Tag Archives: The Road

To Ly Word or Not to Ly Word: Writing Real Good. I Mean It. (Part 2)

I’ve had the chance to listen to Lance Larsen  speak several times about writing jaw-dropping sentences. If you ever have a chance to hear Lance speak or read or speak and read, GO! You’ll not be disappointed.

Why do you read?

I read, not just for story, but for the way the sentences of a novel sound. I read to see the way an author puts words together. To see the way I am surprised–not just by plot–but by sentence structure or word choice.

Lance has several suggestions for jaw-dropping sentences and I’ll share one: turn the adjective on its ear. Here’s what I think he means. If every word must do work, then that includes adjectives. Lance suggests making adjectives work in new ways, in ways that paint pictures the reader isn’t expecting. Easy writing isn’t always the smartest, best, clearest, most beautiful etc. It tends to be filled with cliches and overwritten and weak. Good writing, of course, takes place in rewriting. BUT if you’re thinking as you write (some people do), you can put better words on the page the first time through and refine as you rewrite.

Exercise: Look at your first five pages. Trying not to love what you’ve written, start trimming. Adverbs. Adjectives. Weak verbs. Weak words. Cliches. Was-ing words. The words I put up on Monday. Description that’s stale. Etc.

What do you have left? If you’ve been honest, your story should be far thinner.

Exercise: Using these new five pages, write this beginning over in short, choppy lines. (If you need an example, look at my novel GLIMPSE. Or read any of Ann Dee Ellis’ novels.) This is just an exercise, so enjoy the line breaks and be intentional when you add or take away words. Make each stanza have hard-working words so you accomplish more with less.

Exercise: Look at your rewritten five pages (which should be far longer, page-wise). Is there sense of place? Strong dialog? Description that is fresh? Are your words working hard? Is there emotion?

Exercise: Lay this rewritten piece aside for a week. When you go back, see how to change it into regular prose. How do the five pages read now? Can you keep writing this way? Can you do the same thing with the next five pages and the next and the next?

Exercise: Read a book that is known to have strong writing. (I suggest The Road. Or at least part of it.) What do you learn from this author? How does s/he make sentence sparkle? How can you imitate her/him.

So, Writing Brothers and Sisters, have fun. Remember writing is hard work. Good writing is even harder. But there is joy in having written. There is excitement in finding a fresh way to say something. Enjoy the experience!

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Filed under Life, Voice, writing process

What YOU Can Create

So these last two days I’ve been shuffling pages this way and that, adding sections and rewriting my murder mystery WOLF. That means I missed yesterday and Monday’s prompts.

As the conference roars closer, I have to finalize things there.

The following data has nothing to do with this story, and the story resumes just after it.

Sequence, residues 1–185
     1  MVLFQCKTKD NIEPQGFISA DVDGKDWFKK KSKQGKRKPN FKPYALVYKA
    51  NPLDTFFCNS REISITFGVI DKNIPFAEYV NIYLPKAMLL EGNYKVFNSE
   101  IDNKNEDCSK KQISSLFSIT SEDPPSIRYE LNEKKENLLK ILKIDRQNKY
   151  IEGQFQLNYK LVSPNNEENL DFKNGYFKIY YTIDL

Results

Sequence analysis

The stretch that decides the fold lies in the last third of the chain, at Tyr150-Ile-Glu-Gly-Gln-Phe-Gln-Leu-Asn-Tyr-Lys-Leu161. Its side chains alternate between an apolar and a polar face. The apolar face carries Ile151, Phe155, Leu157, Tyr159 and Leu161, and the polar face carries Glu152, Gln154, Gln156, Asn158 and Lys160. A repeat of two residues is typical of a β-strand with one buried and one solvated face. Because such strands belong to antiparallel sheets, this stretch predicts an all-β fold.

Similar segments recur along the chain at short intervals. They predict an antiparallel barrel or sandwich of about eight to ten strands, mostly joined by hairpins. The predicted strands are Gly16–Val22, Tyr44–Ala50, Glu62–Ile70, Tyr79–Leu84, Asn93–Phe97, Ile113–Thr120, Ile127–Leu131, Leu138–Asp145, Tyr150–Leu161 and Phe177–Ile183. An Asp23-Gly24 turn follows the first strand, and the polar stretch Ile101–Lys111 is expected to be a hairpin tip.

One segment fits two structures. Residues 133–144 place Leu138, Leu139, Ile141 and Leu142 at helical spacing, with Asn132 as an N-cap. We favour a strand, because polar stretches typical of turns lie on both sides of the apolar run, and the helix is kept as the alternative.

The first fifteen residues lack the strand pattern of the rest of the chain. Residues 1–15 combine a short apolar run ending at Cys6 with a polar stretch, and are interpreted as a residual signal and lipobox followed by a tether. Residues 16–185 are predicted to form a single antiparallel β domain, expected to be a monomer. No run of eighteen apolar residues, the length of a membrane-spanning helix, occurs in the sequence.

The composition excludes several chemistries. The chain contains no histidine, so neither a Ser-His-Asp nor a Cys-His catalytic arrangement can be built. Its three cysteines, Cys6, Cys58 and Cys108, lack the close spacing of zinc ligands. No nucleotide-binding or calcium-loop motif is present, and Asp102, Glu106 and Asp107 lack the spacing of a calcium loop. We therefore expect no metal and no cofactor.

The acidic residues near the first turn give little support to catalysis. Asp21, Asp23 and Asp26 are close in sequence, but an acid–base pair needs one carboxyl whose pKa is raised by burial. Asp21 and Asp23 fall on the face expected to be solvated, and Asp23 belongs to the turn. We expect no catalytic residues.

Here are all five prompts, the last of them, before WIFYR 2017!

#50

What are the significant events in you book? Write them down, in order. Do they rise in tension, causing more at stake for your main character? Is the tension tightened with these events?

#51

Write the most important scene from the point of view of a person watching it unfold, not experiencing it. Pay particular attention to sense of place details. How does this inform your novel?

#52

Choose your five favorite novels. Break away from series and the same genre.

Using each book as an example, rewrite one page of your story, from the opening, imitating each book.

So page one will be like Harry Potter, page two will be like The Road, page three will be like THIS IS WHAT I DID etc.

What do you learn? Can you take any of this and put it in your writing?

#53

Take 15 minutes to put yourself in a scene with your main character. Make it a tough scene. Write what you talk about.

#54

If you have done all these prompts, which one has helped you the most? Why? How can you use this in more of your writing?

 

Okay, Everyone (all three of you!). I’m off.

Will see you in July!

Happy WIFYR. Happy writing. Happy life.

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On Death and Turning Fifty

by Cheri Pray Earl

I started a new blog when I turned fifty-five in October. Funny how staring sixty right in the naval can inspire you to dismiss that snotty poet who lives in your head. The one who says, “Isn’t it bad enough you can’t write poetry? Now you’re writing a genre novel? On a BLOG?!” My poet is a man, by the way. He also doesn’t approve of that exclamation point I just used.

Yes, I’m writing a genre novel. A murder mystery. Out loud. Scene by scene, chapter by chapter on a blog. Because I love murder mysteries. I read them like I eat candy—right off the shelf. I sit in the car in the library parking lot, reading the first chapter. I watch murder movies and murder television series for hours on end and listen to my mother’s heinous “true stories” of murder and mayhem.  Crime fiction is my barrel of meal, my cruise of oil. My shelf Twinkies because I don’t mind if the books and movies and TV series are not good for me and offend my literary sensibilities with lots of nutty dialog tags and adverbs. My poet says my analogies are goosey. Sometimes I shake my head real hard and knock him around in there.